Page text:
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REVIEW: Thom Yorke – ‘ANIMA’ (Unsustainabubble / XL)


In a sentence:

While it’s concerned with well-trodden dystopian themes, ‘ANIMA’ is the first time Thom Yorke has properly expressed his identity outside of the context of Radiohead.

Unease with the modern world and the rapidly accelerating evolution of technology has always been a core theme of Thom Yorke’s work, both with Radiohead and in his side-projects. In terms of his solo work, those themes seem to have found their most ideal interface yet on ANIMA, a project coupled with a short film on Netflix directed by Paul Thomas Anderson, and which was trailed by a mysterious poster campaign on the London Underground that advertised a product called ‘Dream Camera’, promising to give visual expression to the unconscious state. While it’s a fairly well-trodden concept for any fan of Radiohead, or of any kind of dystopian fiction for that matter, the result is the album that seems the truest to Thom Yorke’s muse that hasn’t necessitated the involvement of his Radiohead bandmates – although trusted long-term producer Nigel Godrich is on board. 2006’s The Eraser was spectacular but cleaved pretty closely to his band’s existing material, while 2014’s hesitant Tomorrow’s Modern Boxes didn’t really satisfy anybody in creative terms.

But ANIMA is another leap forwards, where Yorke is able to fully render his own, distinctive artistic vision for the first time – basically, it’s his first record where you don’t have be a Radiohead fan to appreciate it, even though it does help. His recent work on the soundtrack for Luca Guadagnino’s Suspiria re-make seems to have forced Yorke to think in a different way about his solo output, specifically without the collaborative hand of other creative foils. Reportedly inspired in part by Flying Lotus’ live performances based on improvised loops, Godrich edited down Yorke’s sparse, lengthy files of yearning and twitchy electronica into song-length soundscapes, while the singer then wrote lyrics to suit them. The nine tracks are economical in structure, often quite simplistic even, but are emotionally rich and atmospherically charged.

Beginning with the undulating, Four Tet-esque synth patches that make up the rhythm of ‘Traffic’, it’s consistently amazing to think of just how much that Yorke and Godrich are getting out of so comparatively little in terms of instruments and elements. Most of the time, it’s a skeletal chassis of static-cloaked kick drums and the whirs, glitches and stabs of synthesisers, but the results are capable of being both bleak and beautiful. The unsettling, creeping feeling of ‘Not The News’ and the fog of confusion and unknowing created by the analogue haze of ‘Last I Heard’ both give the listener the chills, but sit comfortably next to more kinetic moments, such the elastic polyrhythms of ‘Impossible Knots’ evoke the more accessible moments of Kid A. ‘Twist’ begins innocently enough, but becomes increasingly unsettled as it drifts from its moorings. Yet, despite its nightmarishness, it’s strikingly lovely. Closing track ‘Runwayaway’ is one of the most impenetrable yet inexplicably moving tracks on offer, like a fever dream representation of a chillout track built from lonesome, desert-blues guitar.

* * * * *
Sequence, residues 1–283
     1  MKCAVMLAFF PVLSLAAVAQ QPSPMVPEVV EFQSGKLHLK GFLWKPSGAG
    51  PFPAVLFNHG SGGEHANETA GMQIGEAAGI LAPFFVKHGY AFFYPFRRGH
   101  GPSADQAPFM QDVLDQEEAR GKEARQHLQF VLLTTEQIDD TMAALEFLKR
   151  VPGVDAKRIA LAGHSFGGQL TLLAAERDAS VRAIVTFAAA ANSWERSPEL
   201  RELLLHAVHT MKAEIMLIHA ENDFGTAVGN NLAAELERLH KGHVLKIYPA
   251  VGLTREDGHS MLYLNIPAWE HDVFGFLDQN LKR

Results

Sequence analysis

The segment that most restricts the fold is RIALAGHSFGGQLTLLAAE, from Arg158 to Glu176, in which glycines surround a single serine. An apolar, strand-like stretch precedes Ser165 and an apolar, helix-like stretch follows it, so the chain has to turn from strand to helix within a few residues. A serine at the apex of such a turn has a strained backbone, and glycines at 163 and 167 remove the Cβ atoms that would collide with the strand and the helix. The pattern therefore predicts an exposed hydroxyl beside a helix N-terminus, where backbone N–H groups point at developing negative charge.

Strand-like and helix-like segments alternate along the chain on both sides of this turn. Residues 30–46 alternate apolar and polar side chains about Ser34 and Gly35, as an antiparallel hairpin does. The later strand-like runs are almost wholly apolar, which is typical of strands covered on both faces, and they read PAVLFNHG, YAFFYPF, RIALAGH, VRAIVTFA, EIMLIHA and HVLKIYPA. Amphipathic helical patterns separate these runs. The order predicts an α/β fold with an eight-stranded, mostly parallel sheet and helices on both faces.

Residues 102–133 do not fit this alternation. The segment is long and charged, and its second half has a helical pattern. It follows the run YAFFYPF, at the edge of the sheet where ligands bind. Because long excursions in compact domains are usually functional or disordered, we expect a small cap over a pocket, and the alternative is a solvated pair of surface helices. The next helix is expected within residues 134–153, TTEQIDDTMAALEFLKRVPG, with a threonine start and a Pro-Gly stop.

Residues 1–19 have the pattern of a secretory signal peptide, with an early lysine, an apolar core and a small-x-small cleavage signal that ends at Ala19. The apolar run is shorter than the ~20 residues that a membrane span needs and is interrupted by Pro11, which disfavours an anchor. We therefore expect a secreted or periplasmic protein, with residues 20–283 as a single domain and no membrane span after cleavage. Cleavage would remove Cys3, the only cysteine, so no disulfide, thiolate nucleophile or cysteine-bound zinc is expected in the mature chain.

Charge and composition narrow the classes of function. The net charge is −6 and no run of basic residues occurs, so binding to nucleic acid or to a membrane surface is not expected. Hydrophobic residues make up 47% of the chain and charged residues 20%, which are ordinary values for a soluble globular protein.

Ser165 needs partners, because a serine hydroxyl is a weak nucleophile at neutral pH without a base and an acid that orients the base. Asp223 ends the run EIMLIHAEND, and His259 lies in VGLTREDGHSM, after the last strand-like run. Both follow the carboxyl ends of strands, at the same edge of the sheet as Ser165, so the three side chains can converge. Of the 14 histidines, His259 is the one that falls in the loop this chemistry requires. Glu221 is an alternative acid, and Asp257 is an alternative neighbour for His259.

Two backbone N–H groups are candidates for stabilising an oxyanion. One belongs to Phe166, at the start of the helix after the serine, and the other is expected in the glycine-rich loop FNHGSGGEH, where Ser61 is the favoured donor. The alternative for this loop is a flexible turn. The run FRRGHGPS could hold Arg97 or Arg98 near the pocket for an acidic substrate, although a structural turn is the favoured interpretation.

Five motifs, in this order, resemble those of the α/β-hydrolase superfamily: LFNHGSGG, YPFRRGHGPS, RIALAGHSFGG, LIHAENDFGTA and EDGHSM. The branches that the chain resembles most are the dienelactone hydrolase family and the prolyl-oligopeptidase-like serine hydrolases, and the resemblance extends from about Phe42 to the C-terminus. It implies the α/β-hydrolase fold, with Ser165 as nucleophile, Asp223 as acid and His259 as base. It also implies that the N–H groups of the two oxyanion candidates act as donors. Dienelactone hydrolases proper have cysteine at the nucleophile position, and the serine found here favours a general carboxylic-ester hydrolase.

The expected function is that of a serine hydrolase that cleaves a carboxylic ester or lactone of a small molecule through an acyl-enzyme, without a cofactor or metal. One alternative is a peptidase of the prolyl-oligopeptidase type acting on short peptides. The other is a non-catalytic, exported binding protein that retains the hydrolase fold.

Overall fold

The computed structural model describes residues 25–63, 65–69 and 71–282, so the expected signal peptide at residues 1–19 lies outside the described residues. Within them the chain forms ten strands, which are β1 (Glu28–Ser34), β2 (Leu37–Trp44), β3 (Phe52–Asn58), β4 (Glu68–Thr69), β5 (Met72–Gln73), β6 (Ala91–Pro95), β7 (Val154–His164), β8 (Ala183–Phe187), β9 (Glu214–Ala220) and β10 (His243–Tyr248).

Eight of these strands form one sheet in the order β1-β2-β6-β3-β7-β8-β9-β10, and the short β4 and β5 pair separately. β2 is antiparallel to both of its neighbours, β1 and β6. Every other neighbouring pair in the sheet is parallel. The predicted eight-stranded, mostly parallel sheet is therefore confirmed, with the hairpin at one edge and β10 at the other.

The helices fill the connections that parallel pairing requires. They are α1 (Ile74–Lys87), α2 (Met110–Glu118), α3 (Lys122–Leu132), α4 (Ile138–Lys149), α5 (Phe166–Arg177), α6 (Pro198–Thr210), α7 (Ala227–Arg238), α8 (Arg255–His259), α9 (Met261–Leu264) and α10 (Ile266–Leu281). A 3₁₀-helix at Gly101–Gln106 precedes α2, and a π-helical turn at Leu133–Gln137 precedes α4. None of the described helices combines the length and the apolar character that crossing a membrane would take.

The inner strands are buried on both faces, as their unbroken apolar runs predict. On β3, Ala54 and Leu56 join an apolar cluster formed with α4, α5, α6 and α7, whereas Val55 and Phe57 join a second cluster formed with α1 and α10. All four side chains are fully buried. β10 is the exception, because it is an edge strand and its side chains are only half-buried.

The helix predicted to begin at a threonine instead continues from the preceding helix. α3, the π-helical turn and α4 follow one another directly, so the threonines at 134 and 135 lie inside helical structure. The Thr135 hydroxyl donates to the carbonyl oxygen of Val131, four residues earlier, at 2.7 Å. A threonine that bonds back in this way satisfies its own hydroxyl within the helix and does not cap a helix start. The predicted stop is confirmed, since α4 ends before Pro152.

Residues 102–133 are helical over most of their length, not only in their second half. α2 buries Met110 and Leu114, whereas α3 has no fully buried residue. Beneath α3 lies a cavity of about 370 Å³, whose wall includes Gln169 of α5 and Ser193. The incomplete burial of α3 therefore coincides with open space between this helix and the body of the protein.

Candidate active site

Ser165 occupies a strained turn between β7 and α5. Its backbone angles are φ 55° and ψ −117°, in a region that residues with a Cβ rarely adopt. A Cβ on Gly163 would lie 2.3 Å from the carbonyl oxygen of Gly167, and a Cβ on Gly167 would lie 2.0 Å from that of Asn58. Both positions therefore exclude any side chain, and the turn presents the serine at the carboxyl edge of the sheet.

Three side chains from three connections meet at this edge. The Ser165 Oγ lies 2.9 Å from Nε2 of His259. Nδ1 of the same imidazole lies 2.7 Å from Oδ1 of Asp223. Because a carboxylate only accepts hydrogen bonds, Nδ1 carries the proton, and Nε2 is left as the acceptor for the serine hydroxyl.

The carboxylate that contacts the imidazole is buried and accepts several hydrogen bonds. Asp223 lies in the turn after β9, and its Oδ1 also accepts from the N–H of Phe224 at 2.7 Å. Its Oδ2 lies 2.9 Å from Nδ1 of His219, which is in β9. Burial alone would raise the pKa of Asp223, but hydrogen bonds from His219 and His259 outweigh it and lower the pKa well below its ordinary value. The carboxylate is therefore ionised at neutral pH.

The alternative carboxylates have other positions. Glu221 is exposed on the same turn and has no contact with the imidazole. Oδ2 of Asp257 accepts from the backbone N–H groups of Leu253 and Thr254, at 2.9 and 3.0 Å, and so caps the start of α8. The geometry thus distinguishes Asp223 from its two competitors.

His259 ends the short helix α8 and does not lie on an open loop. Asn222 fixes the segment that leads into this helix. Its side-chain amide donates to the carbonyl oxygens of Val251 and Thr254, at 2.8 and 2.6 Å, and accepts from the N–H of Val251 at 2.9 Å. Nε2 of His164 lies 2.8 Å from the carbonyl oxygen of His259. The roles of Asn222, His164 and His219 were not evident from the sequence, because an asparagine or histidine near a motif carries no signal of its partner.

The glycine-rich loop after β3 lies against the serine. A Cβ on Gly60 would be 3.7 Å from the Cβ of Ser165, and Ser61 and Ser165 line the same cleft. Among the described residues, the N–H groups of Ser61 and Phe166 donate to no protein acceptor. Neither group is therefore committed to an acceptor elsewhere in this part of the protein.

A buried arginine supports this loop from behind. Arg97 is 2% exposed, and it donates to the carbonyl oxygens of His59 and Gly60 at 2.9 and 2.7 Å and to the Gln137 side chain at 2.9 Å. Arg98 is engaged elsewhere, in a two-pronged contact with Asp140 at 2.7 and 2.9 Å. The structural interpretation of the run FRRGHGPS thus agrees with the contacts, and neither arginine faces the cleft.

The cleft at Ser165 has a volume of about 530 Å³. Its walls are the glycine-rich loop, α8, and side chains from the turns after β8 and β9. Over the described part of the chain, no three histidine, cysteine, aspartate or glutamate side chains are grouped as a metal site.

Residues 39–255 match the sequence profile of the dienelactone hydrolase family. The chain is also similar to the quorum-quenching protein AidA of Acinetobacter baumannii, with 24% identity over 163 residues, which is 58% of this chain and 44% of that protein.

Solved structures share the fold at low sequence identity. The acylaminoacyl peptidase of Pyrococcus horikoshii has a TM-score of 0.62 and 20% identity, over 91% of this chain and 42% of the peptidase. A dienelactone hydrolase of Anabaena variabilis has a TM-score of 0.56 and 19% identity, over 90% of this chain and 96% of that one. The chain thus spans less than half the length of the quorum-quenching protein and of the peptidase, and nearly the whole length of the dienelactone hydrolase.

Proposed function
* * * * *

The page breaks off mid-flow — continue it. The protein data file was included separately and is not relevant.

Yorke’s lyrics often take the form of clipped images and snippets of phrases, but are no less emotionally impactful for it. Take, for instance, the paean to loss, regret and redemption that is ‘Dawn Chorus’, one of the most emotionally resonant and piercing songs that he’s written in his whole career. The imagery of grief and absence in broken descriptions like “In the middle of the vortex / The wind picked up / Shook up the soot / From the chimney piles / Into spiral patterns / Of you my love” makes it personal in a way that’s unusual for Yorke’s work. The fluttering rhythms of slow-burner ‘The Axe’ make it a bit of an outlier on ANIMA in musical terms, though the lyrical themes fit in with those going back to OK Computer (“goddamned machinery / why don’t you speak to me?”) that depicted humankind’s uneasy relationship with the synthetic.

So, while themes of unconsciousness and paranoia seeping into the real world of technology and daily routine are nothing new for Thom Yorke, that’s not the takeaway from ANIMA. What is new is that the singer has successfully created this universe while using a sonic identity that’s markedly distinct from Radiohead. It’s vastly more rewarding as a listen than Tomorrow’s Modern Boxes, his band’s own The King Of Limbs and Atoms For Peace’s Amok all were (the album’s closest sonic relations in Yorke’s career). For that alone, ANIMA has immense value in his catalogue. (8/10) (Ed Biggs)

Listen to ANIMA by Thom Yorke here via Spotify, and tell us what you think below!

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